Steven Soderbergh Says Safety Measures Will Make Up 15-20 Percent of Budgets

Soderbergh talked about a path forward for Hollywood productions in a recent New York Times interview.
Director Steven Soderbergh attends a premiere for "The Laundromat" on day five of the Toronto International Film Festival at Princess of Wales Theatre on Monday, Sept. 9, 2019, in Toronto. (Photo by Chris Pizzello/Invision/AP)
Steven Soderbergh
Chris Pizzello/Invision/AP

As filmmakers are forced to adapt to these crazy times perhaps no director is more equipped to shift gears in a crisis than Steven Soderbergh. The Oscar-winning director’s career has found him careening from glue-and-tape indies to big-budget studio fare, digital video, streaming television, and experimental formats and release strategies with ease.

In a recent interview in The New York Times alongside filmmaker Amy Seimetz, who stars in his next film “Kill Switch” and just opened her own directorial effort “She Dies Tomorrow,” Soderbergh spoke about how necessary safety protocols on film sets amid COVID will dictate how Hollywood moves forward, especially in the budget department.

“We have an ability on a project to control how we move, where we move, how many people come with us — it’s something that can be manipulated to keep people safe,” Soderbergh said. “I think if we can withstand the economic surcharge that’s going to come with keeping a project safe — which I estimate is between 15 to 20 percent of the budget, depending on the project — and if we can scale this quickly enough, then I know we can keep people safe.”

Productions are already up and running in Texas, California, and Vancouver, among other select states and cities, but with enforced testing, personal protective equipment, and social-distancing guidelines. Soderbergh, meanwhile, is heading up a Directors Guild committee to determine a path ahead.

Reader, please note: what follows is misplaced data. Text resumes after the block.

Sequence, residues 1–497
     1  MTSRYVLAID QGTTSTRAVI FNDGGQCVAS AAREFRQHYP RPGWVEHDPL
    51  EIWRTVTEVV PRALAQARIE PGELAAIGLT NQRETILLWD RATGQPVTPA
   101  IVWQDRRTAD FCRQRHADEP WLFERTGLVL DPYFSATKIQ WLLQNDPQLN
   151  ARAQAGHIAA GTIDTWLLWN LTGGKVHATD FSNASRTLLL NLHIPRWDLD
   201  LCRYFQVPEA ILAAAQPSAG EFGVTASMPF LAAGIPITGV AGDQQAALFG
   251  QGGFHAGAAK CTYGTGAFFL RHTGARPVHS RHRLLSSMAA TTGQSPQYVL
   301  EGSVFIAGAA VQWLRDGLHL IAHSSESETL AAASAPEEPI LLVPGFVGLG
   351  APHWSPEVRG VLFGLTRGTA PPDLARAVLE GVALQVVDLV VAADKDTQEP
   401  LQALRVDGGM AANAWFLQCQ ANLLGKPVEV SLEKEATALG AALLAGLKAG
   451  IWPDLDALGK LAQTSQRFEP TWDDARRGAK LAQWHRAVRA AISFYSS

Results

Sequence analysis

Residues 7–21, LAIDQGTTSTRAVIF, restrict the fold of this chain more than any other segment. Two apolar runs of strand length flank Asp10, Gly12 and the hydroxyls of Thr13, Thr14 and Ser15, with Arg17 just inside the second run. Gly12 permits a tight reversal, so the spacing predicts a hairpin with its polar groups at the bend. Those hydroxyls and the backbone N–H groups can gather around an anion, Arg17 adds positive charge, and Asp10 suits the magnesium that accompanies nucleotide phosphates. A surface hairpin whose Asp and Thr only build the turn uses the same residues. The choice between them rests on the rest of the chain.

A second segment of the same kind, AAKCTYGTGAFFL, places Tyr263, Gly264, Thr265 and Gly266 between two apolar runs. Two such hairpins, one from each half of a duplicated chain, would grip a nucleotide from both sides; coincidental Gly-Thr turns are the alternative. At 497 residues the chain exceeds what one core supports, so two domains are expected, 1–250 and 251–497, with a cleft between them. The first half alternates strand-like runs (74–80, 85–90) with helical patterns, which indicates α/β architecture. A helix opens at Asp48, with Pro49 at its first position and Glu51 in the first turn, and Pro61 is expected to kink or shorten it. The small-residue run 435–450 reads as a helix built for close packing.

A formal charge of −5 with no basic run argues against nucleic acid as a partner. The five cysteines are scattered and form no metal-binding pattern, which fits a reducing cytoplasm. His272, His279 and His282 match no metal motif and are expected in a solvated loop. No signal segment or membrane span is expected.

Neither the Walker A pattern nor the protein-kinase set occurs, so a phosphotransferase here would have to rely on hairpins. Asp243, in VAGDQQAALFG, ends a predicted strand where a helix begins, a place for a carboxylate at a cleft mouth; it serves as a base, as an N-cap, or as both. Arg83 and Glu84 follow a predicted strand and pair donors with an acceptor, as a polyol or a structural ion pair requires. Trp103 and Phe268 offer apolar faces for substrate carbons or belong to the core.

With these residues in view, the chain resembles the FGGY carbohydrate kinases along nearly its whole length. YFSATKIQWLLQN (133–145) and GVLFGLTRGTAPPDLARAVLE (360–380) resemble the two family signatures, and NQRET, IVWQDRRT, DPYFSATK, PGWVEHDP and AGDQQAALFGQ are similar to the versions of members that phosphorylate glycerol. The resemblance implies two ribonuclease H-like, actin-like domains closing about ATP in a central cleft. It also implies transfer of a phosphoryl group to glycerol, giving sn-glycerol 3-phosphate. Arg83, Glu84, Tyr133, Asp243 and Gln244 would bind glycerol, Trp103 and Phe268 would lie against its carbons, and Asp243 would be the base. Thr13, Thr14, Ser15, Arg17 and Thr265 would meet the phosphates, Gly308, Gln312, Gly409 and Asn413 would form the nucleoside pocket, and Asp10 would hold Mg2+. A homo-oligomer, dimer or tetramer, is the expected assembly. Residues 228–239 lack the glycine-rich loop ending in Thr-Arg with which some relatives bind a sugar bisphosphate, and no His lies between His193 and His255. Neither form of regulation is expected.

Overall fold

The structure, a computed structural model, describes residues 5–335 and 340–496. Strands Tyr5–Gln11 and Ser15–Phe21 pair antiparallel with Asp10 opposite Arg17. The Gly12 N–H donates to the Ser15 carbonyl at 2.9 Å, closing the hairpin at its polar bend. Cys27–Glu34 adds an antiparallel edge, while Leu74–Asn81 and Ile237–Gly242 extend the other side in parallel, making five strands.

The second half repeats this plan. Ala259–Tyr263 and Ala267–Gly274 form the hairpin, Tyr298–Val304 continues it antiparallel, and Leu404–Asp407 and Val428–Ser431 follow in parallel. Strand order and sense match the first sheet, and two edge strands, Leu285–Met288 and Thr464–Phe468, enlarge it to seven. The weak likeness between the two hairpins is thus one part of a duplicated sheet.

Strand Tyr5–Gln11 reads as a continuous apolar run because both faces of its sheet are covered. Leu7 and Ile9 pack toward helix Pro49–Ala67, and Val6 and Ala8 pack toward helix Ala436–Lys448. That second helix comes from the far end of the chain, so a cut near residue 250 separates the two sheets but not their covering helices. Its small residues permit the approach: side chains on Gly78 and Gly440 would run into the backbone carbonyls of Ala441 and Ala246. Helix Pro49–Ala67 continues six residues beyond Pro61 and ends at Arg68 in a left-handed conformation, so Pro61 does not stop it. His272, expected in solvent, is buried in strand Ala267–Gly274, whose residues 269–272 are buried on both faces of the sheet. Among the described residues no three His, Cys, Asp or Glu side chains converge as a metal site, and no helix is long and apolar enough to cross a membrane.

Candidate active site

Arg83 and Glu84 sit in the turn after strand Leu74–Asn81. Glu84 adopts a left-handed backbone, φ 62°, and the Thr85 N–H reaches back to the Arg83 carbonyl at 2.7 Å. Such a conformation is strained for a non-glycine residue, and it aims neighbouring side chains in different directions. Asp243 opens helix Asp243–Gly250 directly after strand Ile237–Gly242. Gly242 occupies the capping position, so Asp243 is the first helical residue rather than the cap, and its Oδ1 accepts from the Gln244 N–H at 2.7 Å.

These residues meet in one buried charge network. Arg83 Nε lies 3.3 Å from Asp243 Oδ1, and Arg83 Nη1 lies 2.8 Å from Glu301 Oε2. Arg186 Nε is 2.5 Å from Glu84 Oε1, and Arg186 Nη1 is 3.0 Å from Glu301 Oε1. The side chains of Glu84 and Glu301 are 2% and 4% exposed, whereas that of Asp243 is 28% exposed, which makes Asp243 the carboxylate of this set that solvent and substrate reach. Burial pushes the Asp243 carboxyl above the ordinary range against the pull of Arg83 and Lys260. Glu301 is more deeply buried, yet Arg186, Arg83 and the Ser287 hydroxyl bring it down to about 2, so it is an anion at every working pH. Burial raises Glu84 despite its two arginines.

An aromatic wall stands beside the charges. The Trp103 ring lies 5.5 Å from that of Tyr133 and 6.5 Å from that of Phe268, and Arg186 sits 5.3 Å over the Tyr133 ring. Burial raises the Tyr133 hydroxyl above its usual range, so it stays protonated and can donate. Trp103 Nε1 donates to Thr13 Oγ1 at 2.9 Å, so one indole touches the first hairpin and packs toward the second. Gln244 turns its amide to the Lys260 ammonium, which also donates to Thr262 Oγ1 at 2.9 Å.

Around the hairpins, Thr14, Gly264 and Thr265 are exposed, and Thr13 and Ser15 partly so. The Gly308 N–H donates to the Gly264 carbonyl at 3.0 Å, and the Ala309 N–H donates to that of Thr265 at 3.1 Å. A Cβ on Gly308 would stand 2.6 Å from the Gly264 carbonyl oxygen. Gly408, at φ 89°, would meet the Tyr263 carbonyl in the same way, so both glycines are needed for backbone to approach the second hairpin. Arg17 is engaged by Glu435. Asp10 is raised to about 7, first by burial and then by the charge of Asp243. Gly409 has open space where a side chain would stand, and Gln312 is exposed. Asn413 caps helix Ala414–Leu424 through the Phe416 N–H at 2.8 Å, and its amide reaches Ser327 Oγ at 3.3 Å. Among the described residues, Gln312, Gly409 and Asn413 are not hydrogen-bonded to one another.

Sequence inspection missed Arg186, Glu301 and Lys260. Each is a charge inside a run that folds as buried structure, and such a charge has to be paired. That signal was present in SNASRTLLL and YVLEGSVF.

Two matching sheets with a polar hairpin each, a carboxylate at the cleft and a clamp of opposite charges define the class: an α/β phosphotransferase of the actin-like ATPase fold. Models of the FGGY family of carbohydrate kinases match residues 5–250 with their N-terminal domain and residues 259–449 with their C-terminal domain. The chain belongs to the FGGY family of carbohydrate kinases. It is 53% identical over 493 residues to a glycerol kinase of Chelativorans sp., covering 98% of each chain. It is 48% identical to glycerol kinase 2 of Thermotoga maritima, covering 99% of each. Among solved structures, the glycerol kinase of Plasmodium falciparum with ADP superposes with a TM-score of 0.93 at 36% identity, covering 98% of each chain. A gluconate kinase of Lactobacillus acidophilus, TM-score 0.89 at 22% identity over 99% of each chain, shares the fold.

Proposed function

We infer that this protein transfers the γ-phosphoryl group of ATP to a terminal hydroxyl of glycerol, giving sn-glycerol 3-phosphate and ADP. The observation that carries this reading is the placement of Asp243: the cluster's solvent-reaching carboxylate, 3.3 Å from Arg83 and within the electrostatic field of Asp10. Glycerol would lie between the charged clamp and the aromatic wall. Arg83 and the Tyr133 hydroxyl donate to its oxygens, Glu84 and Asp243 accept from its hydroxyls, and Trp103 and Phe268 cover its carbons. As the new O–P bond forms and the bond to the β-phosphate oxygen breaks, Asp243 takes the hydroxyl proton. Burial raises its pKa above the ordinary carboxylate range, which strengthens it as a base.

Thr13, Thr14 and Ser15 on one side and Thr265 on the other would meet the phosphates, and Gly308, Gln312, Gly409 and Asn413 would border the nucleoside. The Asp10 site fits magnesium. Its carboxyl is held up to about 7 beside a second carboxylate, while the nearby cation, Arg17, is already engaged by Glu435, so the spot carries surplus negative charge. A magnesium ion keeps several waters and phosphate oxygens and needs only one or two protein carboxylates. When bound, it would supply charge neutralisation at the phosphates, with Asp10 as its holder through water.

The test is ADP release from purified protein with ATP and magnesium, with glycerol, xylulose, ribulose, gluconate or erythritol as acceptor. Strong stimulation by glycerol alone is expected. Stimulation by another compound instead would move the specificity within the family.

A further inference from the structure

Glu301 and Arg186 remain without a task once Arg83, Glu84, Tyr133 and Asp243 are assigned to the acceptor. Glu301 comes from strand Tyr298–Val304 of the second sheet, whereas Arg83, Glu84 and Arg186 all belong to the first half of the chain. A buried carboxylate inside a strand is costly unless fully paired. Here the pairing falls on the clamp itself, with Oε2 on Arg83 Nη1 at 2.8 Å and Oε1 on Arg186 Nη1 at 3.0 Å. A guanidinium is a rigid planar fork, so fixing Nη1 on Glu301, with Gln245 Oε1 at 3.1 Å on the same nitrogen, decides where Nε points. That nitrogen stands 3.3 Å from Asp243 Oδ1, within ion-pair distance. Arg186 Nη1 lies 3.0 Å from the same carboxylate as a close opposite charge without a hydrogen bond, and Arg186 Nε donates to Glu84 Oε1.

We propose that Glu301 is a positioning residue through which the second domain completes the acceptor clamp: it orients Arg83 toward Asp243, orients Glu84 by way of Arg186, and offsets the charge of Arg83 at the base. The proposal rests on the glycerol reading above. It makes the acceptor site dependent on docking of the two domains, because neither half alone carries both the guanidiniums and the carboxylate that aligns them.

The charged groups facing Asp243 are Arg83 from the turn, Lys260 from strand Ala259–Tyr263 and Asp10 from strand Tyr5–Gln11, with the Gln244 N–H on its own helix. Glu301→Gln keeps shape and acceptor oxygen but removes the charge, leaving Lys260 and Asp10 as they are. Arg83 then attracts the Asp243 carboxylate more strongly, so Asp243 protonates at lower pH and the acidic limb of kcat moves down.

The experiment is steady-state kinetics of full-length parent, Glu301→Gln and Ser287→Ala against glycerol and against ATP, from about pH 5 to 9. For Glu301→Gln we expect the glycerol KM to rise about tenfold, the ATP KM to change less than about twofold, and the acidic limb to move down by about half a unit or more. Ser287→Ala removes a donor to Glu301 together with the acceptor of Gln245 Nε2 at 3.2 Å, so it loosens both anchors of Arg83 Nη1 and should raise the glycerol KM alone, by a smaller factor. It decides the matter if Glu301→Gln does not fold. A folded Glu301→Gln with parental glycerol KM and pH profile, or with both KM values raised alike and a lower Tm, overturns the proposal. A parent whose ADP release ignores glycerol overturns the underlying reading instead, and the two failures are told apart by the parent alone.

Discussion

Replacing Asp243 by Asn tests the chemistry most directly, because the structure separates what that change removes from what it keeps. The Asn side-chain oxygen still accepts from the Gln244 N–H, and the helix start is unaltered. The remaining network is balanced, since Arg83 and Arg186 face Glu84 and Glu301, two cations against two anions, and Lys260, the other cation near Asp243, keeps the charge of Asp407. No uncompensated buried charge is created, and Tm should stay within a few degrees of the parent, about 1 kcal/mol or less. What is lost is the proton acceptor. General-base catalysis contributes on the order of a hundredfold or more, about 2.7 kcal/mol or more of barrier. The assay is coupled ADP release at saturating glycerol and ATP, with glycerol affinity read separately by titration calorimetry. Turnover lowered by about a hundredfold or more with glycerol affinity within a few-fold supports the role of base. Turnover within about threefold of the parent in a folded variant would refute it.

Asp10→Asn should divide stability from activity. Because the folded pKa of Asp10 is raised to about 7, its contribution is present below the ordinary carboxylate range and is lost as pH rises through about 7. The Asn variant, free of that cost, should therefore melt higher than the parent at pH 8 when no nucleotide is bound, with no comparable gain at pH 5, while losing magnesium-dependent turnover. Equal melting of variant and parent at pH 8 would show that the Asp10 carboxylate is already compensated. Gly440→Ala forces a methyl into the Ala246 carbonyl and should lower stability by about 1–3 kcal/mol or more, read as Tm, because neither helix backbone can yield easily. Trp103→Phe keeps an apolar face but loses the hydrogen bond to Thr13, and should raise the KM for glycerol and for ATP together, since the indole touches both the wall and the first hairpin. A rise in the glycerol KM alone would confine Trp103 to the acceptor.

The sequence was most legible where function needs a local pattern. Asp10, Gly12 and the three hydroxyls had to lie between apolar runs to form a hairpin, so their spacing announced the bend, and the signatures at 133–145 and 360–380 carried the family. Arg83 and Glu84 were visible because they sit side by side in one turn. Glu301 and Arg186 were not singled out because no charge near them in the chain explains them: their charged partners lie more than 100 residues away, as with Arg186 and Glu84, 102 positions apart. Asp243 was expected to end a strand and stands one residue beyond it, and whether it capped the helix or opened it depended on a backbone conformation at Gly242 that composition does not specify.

“If you follow these protocols we’re about to finish up with, I feel pretty confident saying that you’re not going to get sick at work,” Soderbergh said. “If you got sick on one of our projects it was during the 12 to 14 hours when I didn’t have you and I couldn’t control your behavior. That’s going to be the trick, is all of this downtime when you don’t know what people are up to.”

Soderbergh said the biggest challenge is corralling the necessary resources and keeping them flowing amid an economically stunted moment for the industry. “I think the biggest issue now is because of the resurgence [of the virus], how do we get access to the resources and the personnel that we need to run these protocols to keep a set safe?” he said. “It’s one thing to do one or two projects and see how it goes, but there’s a movement in the last two or three weeks to get lots of productions back up and running at the same time. That’s going to be tricky.”

IndieWire recently profiled several productions happening throughout North America and how they’re adapting to the current moment as confirmed cases continue to rise. In the case of one production in Texas, on the film “No More Goodbyes,” budget inflation due to COVID measures was as high as 30 percent, accounting for testing, PPE, and hotels for cast and crew, among other novel expenses. The necessary measures mean studios and financiers will need to up the till as a cost of doing business from now on.

As for Soderbergh’s “Kill Switch,” once it resumes filming, how the cast and crew will adjust remains an open question. But the director plans to publicize the experience as a learning tool for future productions. “I’ll tell you in eight weeks. A lot of this is all abstract until you get on set and actually see how this stuff works, and I intend to be very public in my experience of making that movie in order to educate people,” he told the Times. “I’m sure I’m going to learn a lot, and I’m sure a lot of the assumptions that we’re making will turn out to need adjustment. This is a living thing, and it’s going to have to evolve, but in what way won’t be clear until we get out there.”

Chris Lindahl contributed reporting.

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